Rising Voices aims not just to get new communities actively participating in the conversational web, but also to introduce their voices to mainstream media outlets so that, for once, under-represented communities are portrayed by their own residents. While the majority of the ten current Rising Voices outreach projects have been covered by mainstream media organization, Voces Bolivianas takes the prize when it comes to attracting national and international media attention. The citizen media outreach project, which trains new bloggers in El Alto, Santa Cruz, and other sites around Bolivia, has been featured in El Deber, the BBC, Argentina’s La Nación, and OH! Magazine. They were featured yet again this week, this time in the Santa Cruz-based Vamos magazine.
The article by Nicole Nostas is titled “Voces Bolivianas: the microphone of the forgotten Bolivianas.” What follows is an excerpted translation of the original article.
For Bolivians, the internet is a communications medium which is relatively new yet powerful. We still haven’t begun to explore it deeply. The small amount technological development and information increases the differences which already exist in Bolivian society. Luckily, there are projects that aim to integrate our population through this medium, but in order to do so the first step is digital literacy, which has already started to bear fruit.
The voice of the least represented
Voces Bolivianas is a non-profit which aims, as its name suggests, to give under-represented groups a voice with easy-to-use digital tools like blogs. “We show them how to use the basic tools of the Web 2.0 – how to open a blog, and that they can write in it what they want,” comments Jessica Olivares, a representative of Voces Bolivianas in Santa Cruz. To speak about Voces Bolivianas, it is necessary to go back to its antecedent, a web page called Global Voices Online.
A group of young North American university students found that those who publish online were from middle-upper classes with their own computers and with internet access at home or at work, giving them the luxury of surfing the web every day. It was for this reason that they created “Global Voices Online”, a web site which gathers all of the least represented voices from around the world. What this site did was give a space so that people could publish articles which were translated into seven languages. Eduardo Ávila, a young Bolivian who lives in the United States, was a volunteer for the site and summarized every week what was written in Bolivian blogs.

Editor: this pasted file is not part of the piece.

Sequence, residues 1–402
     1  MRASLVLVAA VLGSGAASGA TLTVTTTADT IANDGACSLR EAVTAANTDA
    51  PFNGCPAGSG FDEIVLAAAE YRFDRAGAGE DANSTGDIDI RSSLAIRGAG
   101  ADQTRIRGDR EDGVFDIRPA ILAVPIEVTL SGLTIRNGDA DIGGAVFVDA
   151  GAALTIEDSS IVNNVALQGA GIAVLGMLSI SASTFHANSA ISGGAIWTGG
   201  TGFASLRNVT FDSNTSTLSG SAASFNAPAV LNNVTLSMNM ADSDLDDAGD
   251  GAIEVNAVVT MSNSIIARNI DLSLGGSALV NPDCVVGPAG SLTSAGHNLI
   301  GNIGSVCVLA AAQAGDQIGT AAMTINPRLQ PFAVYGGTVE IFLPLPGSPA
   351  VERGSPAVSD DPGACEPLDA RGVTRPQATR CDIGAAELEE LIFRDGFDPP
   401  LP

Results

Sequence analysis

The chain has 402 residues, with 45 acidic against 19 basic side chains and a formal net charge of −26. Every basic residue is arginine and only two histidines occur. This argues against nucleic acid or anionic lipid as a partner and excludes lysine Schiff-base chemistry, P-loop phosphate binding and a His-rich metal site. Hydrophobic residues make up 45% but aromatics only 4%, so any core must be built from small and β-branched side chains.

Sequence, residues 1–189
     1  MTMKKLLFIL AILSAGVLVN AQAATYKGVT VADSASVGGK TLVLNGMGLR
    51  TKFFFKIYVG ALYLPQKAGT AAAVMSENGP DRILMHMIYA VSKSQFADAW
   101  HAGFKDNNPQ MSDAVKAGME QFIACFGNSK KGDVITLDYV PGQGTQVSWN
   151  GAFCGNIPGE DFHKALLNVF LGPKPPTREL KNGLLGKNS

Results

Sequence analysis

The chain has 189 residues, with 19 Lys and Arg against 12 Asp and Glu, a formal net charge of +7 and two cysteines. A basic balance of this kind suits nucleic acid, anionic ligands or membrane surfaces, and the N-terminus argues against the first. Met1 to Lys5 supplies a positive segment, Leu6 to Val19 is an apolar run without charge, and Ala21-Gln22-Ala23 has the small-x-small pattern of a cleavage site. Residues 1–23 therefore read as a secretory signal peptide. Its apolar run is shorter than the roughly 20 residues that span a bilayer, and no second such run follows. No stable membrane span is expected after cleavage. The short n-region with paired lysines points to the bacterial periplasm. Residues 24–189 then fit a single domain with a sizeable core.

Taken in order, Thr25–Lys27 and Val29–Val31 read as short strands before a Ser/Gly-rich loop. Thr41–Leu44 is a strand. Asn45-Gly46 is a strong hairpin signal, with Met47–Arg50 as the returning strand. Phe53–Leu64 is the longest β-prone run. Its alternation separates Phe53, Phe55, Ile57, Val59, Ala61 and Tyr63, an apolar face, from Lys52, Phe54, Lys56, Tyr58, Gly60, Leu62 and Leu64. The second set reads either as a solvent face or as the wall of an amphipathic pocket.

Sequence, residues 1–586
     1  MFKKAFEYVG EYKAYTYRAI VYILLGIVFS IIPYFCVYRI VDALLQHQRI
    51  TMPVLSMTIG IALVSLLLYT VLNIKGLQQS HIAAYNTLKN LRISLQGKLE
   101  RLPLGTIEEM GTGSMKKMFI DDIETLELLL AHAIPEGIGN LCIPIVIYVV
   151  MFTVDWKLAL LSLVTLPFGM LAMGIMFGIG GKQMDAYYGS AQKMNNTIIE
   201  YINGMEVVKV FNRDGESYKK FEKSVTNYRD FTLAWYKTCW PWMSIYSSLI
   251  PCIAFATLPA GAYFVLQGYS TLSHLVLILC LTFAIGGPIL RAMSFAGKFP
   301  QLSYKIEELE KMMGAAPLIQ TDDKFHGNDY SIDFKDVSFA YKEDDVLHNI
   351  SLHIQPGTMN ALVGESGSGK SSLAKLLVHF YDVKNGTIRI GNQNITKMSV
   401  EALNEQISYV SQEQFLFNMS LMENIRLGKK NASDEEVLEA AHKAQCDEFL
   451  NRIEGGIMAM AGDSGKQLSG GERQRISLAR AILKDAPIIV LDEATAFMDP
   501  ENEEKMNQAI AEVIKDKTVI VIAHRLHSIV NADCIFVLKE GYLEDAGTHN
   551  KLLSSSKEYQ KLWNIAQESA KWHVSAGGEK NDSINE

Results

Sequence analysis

“I believe that those blogs did not represent the diversity of the country, which is why we saw it as necessary that other groups enter the world of blogs in order to take part in the dialogue taking place in the Bolivian blogosphere,” recalls Ávila, who proposed the digital literacy project to Rising Voices, an organization which seeks the same objectives. Voces Bolivianas managed to place itself among the five selected projects worldwide to receive funding. “This project is important because the internet is a place where we are all equal, where it doesn’t matter if you are a businessperson, manual laborer, politician, or housewife. We all have the same opportunity to express ourselves on a blog. It is free and easy to use; you just have to have a little bit of knowledge. Voces Bolivianas tries to spread this information in order to create a bridge between people without generalizations and stereotypes,” comments Ávila. This is how, along with Mario Durán and Hugo Miranda, Ávila began to develop a workshop in the city of El Alto. They wanted to give residents of El Alto the same opportunity to describe their lives from a different point of view. In September of 2007, Bolivia had 23 new and active bloggers trained in how to use new media. According to Vania Valderram, a volunteer blogger, the participants had the positive attitude and enthusiasm which is needed to open a blog and keep it updated.
The article goes on to describe how Voces Bolivianas then expanded from El Alto to Santa Cruz where Jessica Olivares led a similar workshop series in the Plan 3000 neighborhood of Santa Cruz. You can download a PDF of Vamos magazine and read the entire article in its original Spanish from their website. You can also see the pictures of and read quotes from the diverse group of new bloggers trained by Voces Bolivianas including Pedro Velasquez, a 55-year-old professor, and Kevin Ayllón, a 13-year-old student. Even if you don’t speak Spanish, you can still follow the latest featured posts by new bloggers from Voces Bolivianas on the English version of their website.